The Transylvania Times -

What To Do If It's Cloudy During The Solar Eclipse

 

August 14, 2017



It’s still a week to go before the solar eclipse, with some initial forecasts calling for a 50 percent chance of rain on Aug. 21.

As we know living in the mountains, the weather can change quickly and often is difficult to predict.

So what happens if it’s cloudy next Monday?

According to Eclipse 2017.org, if the sky is completely overcast, it will get very dark – pitch black, in fact, to the point where it will be tricky to walk around.

If there are broken or scattered clouds, then you will have to hope that the sun is not behind one of them at the time of totality. If you can re-position yourself to a spot where the sun will be in the clear during totality, then you will be able to see the Diamond Ring, the corona and all the cool effects that present during totality.

If the sun is behind a cloud during totality, you will still experience the temperature drop, and the sunset glow on the horizon – but this is not how you want to see a total eclipse.

What veteran eclipse chasers do is to plan for a viewing location that historically has given signs of having as few clouds as possible on eclipse day. But we’re still subject to the whims of weather, and so mobility on eclipse day is very important.

It’s not unusual for die-hard eclipse chasers to keep airplanes on standby, in case they have to make a last-minute run for it to escape clouds. With mobility as easy as it is in the U.S., though, we should be able to look at forecasts a day or two before, and move accordingly to try and get into a path location that promises to be cloud-free.

Remember that most eclipse chasers think nothing of going into the remotest parts of the world – a little diversion such as having to relocate to Wyoming from North Carolina is nothing compared to the wonder of seeing a total eclipse. Again, after you see it, you will understand why.

Fun Things To Do

So, what to do if it is cloudy or it rains?

How about throwing an eclipse viewing party, with videos. For one, a video at https://www. space.com/37750-eclipse-across-america-documentary.html explains solar and lunar eclipses.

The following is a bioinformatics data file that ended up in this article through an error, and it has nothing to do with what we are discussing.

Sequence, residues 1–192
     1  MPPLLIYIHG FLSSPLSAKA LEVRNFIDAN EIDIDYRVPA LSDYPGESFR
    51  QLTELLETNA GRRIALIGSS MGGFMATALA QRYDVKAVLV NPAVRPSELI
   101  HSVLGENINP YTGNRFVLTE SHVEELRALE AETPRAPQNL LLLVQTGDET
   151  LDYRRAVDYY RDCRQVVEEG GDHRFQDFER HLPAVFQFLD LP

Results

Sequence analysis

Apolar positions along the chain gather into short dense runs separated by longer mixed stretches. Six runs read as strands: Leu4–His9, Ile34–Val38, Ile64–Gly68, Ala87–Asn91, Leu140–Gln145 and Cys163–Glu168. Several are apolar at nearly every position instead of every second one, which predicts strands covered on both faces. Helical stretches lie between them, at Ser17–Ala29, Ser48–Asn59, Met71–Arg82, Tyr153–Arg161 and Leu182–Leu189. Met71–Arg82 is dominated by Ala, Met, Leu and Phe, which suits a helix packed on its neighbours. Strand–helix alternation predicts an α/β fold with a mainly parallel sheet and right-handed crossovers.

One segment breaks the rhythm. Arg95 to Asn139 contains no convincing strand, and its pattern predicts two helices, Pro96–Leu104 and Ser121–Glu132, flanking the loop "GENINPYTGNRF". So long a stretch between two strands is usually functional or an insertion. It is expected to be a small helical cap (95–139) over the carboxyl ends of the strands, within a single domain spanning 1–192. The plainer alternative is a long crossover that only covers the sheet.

There are also movies that have solar eclipse scenes, such as “Apocalypto” (2006); “Barabbas (1961); “Bloody Birthday (1981); A Connecticut Yankee in Kin Arthur’s Court” (1949); “Dolores Claiborne” (1995); “Ladyhawke” (1985); “Little Shop of Horrors” (1986); “The Seventh Sign” (1988); and “The Watcher in the Woods” (1980).

NASA will also be airing a four-and-a-half hour live webcast of the total solar eclipse beginning at 11:45 a.m. on Aug. 21.

To view it, go to http://www.ustream.tv/nasaedge or http://www.youtube.com/user/NASAedge.

Another option would be to join online discussions about the event, such as at http://www.facebook.com/NASASunScience/

If you feel like using your hands, how about making eclipse crafts or an eclipse shirt (though it will be hard to beat The Transylvania Times’ solar eclipse shirts!).

What about compiling eclipse word searches or playing eclipse bingo?

How about making your own solar eclipse viewer (see the story in this edition that explains how to do it) or recreate the eclipse with a flashlight?

Balloons will also make great planets.

And no party is complete without having something to eat and drink.

The perfect out-of-this-world menu could include MoonPies, Milky Way bars, Saturn rings (gummy bears) orbit gum, rocket hot dogs, flying saucers, Goldfish space adventures, solar system lollipops, rocket fuel drinks and freeze-dried ice cream.

For grownups, blue galaxy cocktails would be popular.

A musical playlist for the party could include “Ain’t No Sunshine” by Bill Withers; “Blinded by the Light” by Manfred Mann’s Earth Band; “Black Hole Sun” by Soundgarden; “Eclipse” by Pink Floyd; and, of course, “Total Eclipse of the Heart” by Bonnie Tyler.

 
 

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